Well, on the Greensboro 600k last month, I had Jim and Jesse McReynolds' rendition of "Better Times A-Coming" stuck in my head -- for nearly 36 hours. As frustrating as that seems, it actually turned out to be a good thing.
That's the thing about doing brevets, especially longer ones, you can sometimes reach a really dark point -- even thinking about abandoning -- but if you can just hang in there, there's always better times a-coming.
Shortly after leaving the control at Chuck's house on the way out, I started to feel less than good. I'd ridden the first 200k a little too hard and not eaten enough throughout the day, and it was starting to catch up with me. By the time I'd reached the control in Carthage, I was feeling green. I ordered some food at McDonalds, knowing I needed to eat, but feeling like I couldn't. While waiting for the food, I popped a Tums -- and within seconds knew I was going to be sick. A mad sprint for the bathroom for several minutes of dry heaves, and that was that. I still really couldn't eat, but at least I felt somewhat better -- just got to keep the pedals turning.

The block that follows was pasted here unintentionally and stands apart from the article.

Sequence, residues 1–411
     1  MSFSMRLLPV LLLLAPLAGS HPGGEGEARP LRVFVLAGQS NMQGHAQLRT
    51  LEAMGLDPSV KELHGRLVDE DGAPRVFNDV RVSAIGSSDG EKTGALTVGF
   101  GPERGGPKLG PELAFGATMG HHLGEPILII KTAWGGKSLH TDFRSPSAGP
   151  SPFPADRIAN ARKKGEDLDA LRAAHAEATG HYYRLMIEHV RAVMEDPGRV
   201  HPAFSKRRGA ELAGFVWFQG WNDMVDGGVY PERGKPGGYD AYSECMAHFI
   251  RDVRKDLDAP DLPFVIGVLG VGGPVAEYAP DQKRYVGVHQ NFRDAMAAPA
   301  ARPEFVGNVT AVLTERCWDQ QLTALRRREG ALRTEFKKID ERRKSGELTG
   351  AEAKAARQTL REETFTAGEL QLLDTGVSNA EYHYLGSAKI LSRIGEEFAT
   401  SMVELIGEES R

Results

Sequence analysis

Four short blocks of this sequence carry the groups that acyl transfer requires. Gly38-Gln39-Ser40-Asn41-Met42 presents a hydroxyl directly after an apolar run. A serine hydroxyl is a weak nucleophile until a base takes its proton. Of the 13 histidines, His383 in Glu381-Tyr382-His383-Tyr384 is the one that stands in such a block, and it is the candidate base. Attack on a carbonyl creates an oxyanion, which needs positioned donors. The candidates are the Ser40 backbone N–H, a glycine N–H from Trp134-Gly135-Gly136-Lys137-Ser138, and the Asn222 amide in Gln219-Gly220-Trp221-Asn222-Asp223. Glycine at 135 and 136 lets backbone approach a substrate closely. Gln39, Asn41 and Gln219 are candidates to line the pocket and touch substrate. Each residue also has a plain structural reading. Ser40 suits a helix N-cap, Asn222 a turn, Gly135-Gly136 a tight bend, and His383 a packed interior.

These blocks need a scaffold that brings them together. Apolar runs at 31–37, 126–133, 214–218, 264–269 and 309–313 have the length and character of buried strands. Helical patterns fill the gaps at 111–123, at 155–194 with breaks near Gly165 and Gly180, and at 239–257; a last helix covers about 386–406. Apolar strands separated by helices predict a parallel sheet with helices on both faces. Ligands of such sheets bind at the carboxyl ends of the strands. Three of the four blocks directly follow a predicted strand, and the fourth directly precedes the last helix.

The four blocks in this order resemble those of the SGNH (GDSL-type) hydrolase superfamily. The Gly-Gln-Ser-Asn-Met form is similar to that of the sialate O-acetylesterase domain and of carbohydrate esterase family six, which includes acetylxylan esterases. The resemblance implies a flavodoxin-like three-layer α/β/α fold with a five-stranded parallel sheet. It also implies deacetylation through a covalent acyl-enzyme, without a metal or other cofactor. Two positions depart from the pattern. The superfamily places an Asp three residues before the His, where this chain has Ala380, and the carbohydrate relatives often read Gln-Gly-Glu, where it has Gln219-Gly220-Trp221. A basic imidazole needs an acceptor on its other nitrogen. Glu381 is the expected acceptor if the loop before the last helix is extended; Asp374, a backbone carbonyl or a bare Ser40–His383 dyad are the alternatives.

From Carthage to the turn around in Fayetteville, it was touch-and-go with my stomach. With the encouragement and the offer to share his room from new riding pal, Steve, I was able to make it through a pretty rough night. I knew if I could make it to the turn around and get a bit of sleep, better times would be a-coming.
And after couple hours of good sleep and a hearty breakfast at the Waffle House, Steve and I rolled out for the final 200k back to Greensboro. Better times had arrived.